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Sex, Intimacy and Cancer

March 19, 2013

I was not at all surprised when my middle-aged patient asked me about intimacy and sex after her cancer diagnosis. Quite the contrary, actually; I wish more of my patients felt comfortable asking these very important questions!

There are many issues surrounding intimacy after being diagnosed with cancer. Sex and sexuality are important parts of everyday life. Feelings about sexuality affects a person's zest for living, her self-image, and her relationships with others. Unfortunately, patients and their doctors often do not discuss the effects of cancer treatment on their sex lives.

Why is intimacy avoided?

Preoccupation with Cancer Treatment

Women often report that they lose interest in sex during cancer treatment. Initially, she is so concerned about her survival that sex is far down on her list of priorities. This is normal. Few people are interested in sex when they feel their lives are being threatened. This loss of desire can be caused by worry, depression, nausea, pain, fatigue, or disturbance of female hormones. Any emotion or thought that keeps a woman from feeling excited can interfere with desire for sex. Thoughts about the cancer and treatment can keep her from getting aroused. Her vagina then stays tight and dry, which can make intercourse painful thereby initiating a vicious cycle whereby sex is avoided. In addition, women with cancer sometimes worry that a partner will be turned off by changes in their bodies or by the cancer diagnosis itself.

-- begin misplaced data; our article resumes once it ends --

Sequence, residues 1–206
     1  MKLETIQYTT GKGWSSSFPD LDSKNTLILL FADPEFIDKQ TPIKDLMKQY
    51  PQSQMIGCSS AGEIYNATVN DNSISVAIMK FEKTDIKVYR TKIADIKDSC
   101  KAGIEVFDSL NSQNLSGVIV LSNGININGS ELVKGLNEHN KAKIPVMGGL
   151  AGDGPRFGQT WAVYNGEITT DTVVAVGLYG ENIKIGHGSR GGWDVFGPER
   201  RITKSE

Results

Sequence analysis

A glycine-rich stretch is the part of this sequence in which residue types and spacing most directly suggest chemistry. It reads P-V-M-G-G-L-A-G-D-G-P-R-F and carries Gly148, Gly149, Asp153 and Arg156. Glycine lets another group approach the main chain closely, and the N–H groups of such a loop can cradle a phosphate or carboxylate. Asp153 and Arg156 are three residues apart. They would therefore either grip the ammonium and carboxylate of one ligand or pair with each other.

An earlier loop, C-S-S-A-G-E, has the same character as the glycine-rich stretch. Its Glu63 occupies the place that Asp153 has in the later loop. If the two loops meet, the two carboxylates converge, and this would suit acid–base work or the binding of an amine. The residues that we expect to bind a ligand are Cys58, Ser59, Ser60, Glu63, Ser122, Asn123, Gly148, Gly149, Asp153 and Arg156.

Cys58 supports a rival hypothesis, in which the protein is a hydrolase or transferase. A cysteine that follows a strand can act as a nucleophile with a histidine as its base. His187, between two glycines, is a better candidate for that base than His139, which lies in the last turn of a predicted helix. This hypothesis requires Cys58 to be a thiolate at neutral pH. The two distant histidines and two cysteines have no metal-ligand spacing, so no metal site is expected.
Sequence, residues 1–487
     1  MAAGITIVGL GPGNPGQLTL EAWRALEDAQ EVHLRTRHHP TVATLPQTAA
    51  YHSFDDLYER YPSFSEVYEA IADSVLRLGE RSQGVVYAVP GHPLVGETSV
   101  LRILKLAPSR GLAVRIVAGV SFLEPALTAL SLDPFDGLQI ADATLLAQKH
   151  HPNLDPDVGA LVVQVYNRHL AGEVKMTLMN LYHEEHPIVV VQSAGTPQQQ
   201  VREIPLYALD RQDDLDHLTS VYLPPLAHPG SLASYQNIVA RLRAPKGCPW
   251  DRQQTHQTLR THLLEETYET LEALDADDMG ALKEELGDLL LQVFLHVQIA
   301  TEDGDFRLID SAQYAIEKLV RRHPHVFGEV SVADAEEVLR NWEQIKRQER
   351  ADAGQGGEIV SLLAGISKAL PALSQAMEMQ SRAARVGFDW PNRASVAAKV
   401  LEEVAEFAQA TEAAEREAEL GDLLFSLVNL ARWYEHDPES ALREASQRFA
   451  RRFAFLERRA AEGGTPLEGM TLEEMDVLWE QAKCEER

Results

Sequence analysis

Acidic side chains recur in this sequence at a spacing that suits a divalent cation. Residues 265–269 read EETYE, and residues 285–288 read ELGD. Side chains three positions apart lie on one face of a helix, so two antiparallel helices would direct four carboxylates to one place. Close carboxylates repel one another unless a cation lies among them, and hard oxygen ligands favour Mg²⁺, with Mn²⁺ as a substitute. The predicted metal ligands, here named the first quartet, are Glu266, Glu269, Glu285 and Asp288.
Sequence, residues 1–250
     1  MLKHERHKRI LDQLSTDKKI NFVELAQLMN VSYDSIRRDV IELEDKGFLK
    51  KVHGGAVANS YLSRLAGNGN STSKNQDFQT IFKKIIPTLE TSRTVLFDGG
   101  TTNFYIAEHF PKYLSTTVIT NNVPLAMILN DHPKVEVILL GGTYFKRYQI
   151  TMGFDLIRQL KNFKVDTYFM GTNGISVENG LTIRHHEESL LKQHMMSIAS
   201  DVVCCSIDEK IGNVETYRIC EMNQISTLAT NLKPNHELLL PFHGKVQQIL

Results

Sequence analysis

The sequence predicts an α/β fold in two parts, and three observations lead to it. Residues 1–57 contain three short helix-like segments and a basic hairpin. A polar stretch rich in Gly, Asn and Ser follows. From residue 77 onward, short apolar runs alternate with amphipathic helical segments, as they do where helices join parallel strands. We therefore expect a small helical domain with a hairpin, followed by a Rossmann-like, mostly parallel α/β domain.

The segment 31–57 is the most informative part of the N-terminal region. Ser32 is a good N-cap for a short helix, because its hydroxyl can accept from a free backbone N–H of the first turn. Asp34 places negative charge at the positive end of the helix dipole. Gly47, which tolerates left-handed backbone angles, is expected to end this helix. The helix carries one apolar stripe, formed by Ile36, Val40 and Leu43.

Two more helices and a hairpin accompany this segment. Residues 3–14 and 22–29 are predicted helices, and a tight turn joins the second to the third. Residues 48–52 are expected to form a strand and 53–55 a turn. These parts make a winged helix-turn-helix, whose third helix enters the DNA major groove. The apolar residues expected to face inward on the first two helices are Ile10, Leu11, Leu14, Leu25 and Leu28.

Pain

Pain during intercourse is a common complaint. It is often related to changes in the vagina's size or vaginal dryness. These changes can happen after pelvic surgery, radiation therapy, menopause, or treatment that has affected a woman's hormones.

Early-Onset Menopause

Cancer treatment can also cause menopause to occur earlier than normal. This is called premature menopause. Symptoms are often more severe than the slow changes that happen during a natural menopause. When a woman's ovaries are removed as part of a cancer surgery, or when the ovaries are affected by chemotherapy or radiation to the pelvis, the loss of estrogen can trigger hot flashes and vaginal atrophy (a condition when the vagina becomes tight and dry).

Addressing Intimacy Issues

With all of these factors that can affect a woman's desire for and ability to enjoy sex after being diagnosed with cancer, it can be expected that she and her partner may be deprived of this very important part of their relationship.

Women with cancer need to know that it is important to bring up these issues during a visit with their doctor. There are solutions to many of these problems and most health professionals will prescribe the necessary therapy or make the appropriate referrals to address these issues.

When asked, I tell my patients that there are many ways in which they can be intimate with their partners. If penetration is painful or not possible, for example, touch or stroking can bring about pleasure and can also result in achieving orgasms. If she feels weak or tired, she may want to communicate to her partner to take a more active role in touching her. If some part of her body is tender or sore, she can take control by guiding her partner's touches to create the most pleasure and avoid pain. Sometimes, she might just want to cuddle.

If self-esteem or body image is the problem, she can engage in activities that will help her regain her sense of femininity and sensuality. Some of these activities include exercise, yoga, acupuncture, a change in wardrobe, a new wig, or even changing her style of makeup.

Ultimately, I want my patients to know that it is okay to talk about sex and intimacy after a cancer diagnosis. More importantly, they should know that their oncologist cares, and can provide essential guidance and options to help achieve intimacy throughout their cancer treatment. Communication with doctors and partners is key.

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